Me: You have got to be kidding me Stephen. You’re a dad. Your son is not even a year old yet. Imagine that’s your kid, dead in the picture. Would you have not prayed for your son’s life? That he would survive? If God refuses to answer you most deepest and desperate prayer on behalf of you child, why the hell would He answer any prayer at all? What’s easier to believe, that a loving God watched those children suffocate to death by poison gas but He did NOTHING AT ALL? Or perhaps, that if there is no one protecting your children from evil, then evil will harm your children? Occum’s Razor here man. Which is realistically easier to believe?
Stephen: So you really don’t think there is a God at all?
Me: Technically I’m agnostic. But my opinion is atheism. I really don’t think there is a god. It just doesn’t make sense.
Stephen: So you’re struggling with “the problem of evil”.
Me: Well slightly, but that’s not my main problem. My main problem is prayer. It doesn’t work. Prayer is inconsequential. Often Christians teach and believe that prayer is an inner thing. It changes you as a person to be more like Christ, but it shouldn’t be used to try to change your circumstances or the world around you. But that’s not what Jesus taught.
Stephen: Clearly the scriptures teach that prayer IS about changing things.
Me: Precisely. But it doesn’t change a thing, man! James 5 says:
“Are any of you sick? Then he should go before the elders of the church and be anointed with oil and he shall be healed, for the prayer of the righteous man avails much.”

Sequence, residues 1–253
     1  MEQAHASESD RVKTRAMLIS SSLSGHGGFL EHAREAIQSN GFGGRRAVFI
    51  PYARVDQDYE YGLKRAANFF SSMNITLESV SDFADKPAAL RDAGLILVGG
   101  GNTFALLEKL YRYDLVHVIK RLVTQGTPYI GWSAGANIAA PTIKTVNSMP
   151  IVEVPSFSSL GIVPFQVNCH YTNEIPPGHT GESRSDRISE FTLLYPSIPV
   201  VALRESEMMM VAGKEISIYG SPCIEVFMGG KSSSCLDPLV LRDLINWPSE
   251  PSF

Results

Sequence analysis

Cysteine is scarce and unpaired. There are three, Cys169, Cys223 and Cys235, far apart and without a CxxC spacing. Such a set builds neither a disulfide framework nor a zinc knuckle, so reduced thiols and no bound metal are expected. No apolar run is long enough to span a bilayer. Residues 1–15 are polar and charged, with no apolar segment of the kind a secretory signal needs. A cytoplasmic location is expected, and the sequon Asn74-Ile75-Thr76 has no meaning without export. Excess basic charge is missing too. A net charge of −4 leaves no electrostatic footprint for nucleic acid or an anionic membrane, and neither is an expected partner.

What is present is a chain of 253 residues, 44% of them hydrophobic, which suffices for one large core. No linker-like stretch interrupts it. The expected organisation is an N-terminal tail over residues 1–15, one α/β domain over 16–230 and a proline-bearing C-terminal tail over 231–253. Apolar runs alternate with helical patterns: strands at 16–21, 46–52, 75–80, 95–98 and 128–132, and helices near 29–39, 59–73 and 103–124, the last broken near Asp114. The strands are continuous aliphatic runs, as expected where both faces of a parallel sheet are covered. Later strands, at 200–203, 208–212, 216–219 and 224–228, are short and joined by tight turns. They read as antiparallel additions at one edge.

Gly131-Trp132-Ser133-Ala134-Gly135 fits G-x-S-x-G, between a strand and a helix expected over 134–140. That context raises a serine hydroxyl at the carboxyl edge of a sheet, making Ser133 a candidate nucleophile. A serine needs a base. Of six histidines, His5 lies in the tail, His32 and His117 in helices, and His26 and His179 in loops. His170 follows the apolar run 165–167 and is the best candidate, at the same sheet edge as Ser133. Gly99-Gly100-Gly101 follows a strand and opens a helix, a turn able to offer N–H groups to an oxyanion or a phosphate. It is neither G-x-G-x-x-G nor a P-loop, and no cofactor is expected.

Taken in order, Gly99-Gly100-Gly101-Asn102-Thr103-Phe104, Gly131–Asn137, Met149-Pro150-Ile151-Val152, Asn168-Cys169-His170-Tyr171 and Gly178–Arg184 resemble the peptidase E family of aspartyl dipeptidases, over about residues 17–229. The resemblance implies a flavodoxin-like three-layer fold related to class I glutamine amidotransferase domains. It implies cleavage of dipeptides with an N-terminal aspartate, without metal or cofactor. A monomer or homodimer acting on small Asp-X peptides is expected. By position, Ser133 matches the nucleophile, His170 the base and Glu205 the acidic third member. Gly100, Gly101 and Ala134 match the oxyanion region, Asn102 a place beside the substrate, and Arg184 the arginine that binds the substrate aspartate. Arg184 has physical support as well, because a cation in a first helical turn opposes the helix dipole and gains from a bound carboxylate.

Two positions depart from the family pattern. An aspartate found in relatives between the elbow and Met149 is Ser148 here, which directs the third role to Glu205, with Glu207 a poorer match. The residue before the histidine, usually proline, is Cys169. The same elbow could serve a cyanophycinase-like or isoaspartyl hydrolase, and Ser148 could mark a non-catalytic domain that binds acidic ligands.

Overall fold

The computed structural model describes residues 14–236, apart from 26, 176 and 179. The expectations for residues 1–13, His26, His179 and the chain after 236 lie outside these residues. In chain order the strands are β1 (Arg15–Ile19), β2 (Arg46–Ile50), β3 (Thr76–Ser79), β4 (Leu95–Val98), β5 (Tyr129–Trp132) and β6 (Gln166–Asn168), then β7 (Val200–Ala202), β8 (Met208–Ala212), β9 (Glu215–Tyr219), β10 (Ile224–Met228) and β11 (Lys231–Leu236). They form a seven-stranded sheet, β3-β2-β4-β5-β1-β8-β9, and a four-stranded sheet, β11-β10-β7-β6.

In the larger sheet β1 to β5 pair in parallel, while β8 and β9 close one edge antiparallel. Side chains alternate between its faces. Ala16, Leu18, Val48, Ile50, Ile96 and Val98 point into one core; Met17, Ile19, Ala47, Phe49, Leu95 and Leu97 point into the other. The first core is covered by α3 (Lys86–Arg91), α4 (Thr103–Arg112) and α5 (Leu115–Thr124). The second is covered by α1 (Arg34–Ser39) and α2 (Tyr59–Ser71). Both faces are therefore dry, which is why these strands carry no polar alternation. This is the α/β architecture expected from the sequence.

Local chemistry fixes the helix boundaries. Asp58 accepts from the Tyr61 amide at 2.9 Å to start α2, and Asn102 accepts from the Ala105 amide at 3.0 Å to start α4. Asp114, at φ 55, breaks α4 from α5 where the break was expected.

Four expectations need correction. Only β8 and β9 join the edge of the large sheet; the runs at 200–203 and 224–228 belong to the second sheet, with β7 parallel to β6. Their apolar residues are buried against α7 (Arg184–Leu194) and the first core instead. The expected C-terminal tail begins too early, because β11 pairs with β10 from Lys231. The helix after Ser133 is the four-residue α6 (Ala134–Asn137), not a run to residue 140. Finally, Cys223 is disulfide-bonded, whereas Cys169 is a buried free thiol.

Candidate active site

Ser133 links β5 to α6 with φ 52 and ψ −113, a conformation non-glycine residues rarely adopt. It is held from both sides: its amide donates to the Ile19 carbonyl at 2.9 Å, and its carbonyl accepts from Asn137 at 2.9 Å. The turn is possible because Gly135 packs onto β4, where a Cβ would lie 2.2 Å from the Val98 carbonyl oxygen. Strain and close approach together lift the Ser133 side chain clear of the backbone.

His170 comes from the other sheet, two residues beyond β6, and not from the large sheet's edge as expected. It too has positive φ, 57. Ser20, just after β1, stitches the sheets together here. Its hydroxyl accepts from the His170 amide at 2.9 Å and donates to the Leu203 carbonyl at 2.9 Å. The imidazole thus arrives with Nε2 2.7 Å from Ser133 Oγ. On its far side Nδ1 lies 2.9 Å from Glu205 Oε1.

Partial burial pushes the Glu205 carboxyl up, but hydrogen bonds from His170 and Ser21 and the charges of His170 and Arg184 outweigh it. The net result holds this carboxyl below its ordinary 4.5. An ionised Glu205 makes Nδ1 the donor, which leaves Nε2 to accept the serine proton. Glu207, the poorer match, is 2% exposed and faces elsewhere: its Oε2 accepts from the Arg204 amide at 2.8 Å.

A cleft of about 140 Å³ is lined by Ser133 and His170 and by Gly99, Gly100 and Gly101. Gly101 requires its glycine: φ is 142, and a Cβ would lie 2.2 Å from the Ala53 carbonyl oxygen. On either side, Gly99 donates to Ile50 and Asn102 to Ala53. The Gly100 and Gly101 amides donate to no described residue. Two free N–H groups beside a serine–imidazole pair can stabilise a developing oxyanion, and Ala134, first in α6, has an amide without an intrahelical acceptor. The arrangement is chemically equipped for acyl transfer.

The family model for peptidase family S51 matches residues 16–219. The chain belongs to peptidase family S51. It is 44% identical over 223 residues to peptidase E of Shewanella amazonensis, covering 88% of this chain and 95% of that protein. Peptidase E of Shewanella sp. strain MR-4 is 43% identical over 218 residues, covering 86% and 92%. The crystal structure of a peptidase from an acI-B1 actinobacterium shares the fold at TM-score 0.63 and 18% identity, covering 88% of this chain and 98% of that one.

Except it doesn’t. Nobody is ever healed by prayer alone. If prayer worked then we wouldn’t need doctors! I have often found that somebody’s chance of healing has more to do with the severity of the disease and the proficiency of the medical staff that are caring for them. Prayer makes little difference, if any. But James doesn’t say “might be healed” he says “will”. But that’s just not true.
Also Jesus says:
“Who of you, if your son asks for a loaf of bread, would give him a stone? Who of you, if your son asks for a fish, would give him a serpent? If you, being evil, know how to give good gifts to your children, how much more will your father in heaven?”
But, how many of those Syrian parents prayed the simple prayer for keeping their children alive? Yet God does nothing. But you mean to tell me that God is somehow going to answer your prayer over your chicken wings? Is that not the very definition of giving a stone instead of a loaf of bread?
And Jesus also says:
“If you have faith the size of a mustard seed, you can say to this mountain, ‘be thrown into the sea,’ and it will be cast into the sea.”
A mustard seed, Stephen. A small, tiny mustard seed. Have we not had a faith that small? Yet God refuses to answer our prayers. Jesus also says: